David S celebrated Slackware’s 21st birthday with a slide presentation in which he pointed out that, among other things, it:
- has maintained more of BSD’s traditions
- continues to flourish without a major backer
- is simple to install — all dependencies in the core distro have been satisfied
- is compiled for reliability
- has a Core Team, mostly of volunteers
- has support provided by LinuxQuestions.org
- has community repositories hosted on SlackBuilds.org
- has a documentation project.
Without our regular note taker present, the minutes from June’s meeting is a little lacking. We spoke about Leeds Art Crawl, Flight Radar, Truecrypt, and secure VoIP whilst attempting to install Android on an EePC (and getting slightly further in doing so than WYLUG).
Jitsi open source encrypted VoIP
Truecrypt no-longer supported full disk encryption which may or may not be secure
Flight Radar 24 a network of Mode S aircraft trackers around the world
Dump 1090 open source project which allows monitoring of aircraft overhead using certain [...]
Brian presented a number of recent discoveries:
- powertop which marks as ‘bad’ processes where power consumption can be reduced
- reptyr which allows you to transfer a running process from one parent to another
- screen which, after you have run it, allows you to do what you want, log out and, when you log in, restore the screen with
Shi brought in the first edition of Linux Voice.
John H did a brief history of MIME Types in response to a question at an earlier session and then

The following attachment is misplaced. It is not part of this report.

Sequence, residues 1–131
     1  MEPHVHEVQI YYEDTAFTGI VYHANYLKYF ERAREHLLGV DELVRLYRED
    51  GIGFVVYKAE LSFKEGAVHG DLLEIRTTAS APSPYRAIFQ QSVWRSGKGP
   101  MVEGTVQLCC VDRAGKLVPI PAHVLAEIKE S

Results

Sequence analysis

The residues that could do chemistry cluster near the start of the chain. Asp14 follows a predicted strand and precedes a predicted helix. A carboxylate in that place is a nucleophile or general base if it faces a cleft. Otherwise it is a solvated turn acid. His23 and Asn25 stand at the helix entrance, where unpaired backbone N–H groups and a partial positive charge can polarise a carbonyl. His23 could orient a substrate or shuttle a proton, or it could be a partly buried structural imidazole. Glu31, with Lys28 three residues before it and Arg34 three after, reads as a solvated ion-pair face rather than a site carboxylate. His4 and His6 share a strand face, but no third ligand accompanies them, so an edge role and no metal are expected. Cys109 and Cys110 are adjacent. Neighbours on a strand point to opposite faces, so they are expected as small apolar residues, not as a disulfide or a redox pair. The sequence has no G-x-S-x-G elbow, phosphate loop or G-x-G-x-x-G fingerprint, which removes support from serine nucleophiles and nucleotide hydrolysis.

David B introduced the Manchester Space Programme using the slides which had been used at the 27 February 2014 launch. MADLAB has considerably expanded and Makerspace has moved to new premises.
When Adobe created the PDF (Portable Document Format) in 1993, it was aimed at large companies who wanted to distribute documents without having to bother about whether those who received them had particular fonts on their computers. While the software to create a PDF was fairly complicated — and expensive, the software to read it was simple. In 2000 this software began to be given away free and in 2008 all the software became an open standard.
Brian used recordMyDesktop to demonstrate his Gnome desktop with the Cairo Dock desktop interface, BitTorrent sync syncing all his devices, Gigolo, a GUI for remote servers, to demonstrate how fast the Raspberry Pi is accessing a 2TB drive, and creating and applying a password in KeyPassX.
To continue to use an old XP computer, it really needs at least 1Gb of RAM and a 20Gb hard drive. Linux doesn’t need 1Gb; it can happily run in less than half that but, for Internet browsing, 1Gb is the recommended minimum if you want to avoid some websites slowing your machine to a crawl.
Alice demonstrated how to download Tor; it is better to download it directly into your own user rather than from repos because the direct download gives you everything you need and is likely to be more up-to-date than the versions in repos. The download comes with a
start-tor-browser script to run. The Vidalia graphical controller is included in the package and acts as a control panel.
Broadcast on: 16th January 2014 18:00 and 17th January 2014 13:30
Tune in to hear us twitter on about:
- The NHS sharing of your personal data and how to opt out
- How Google are ‘helping’ you reach more people than you know
- The Government’s cyberstreetwise initiative
- The gagging, erm we mean lobbying bill
…and the speaking computer failing to maintain control or order on the show
Here are the answers to the quiz: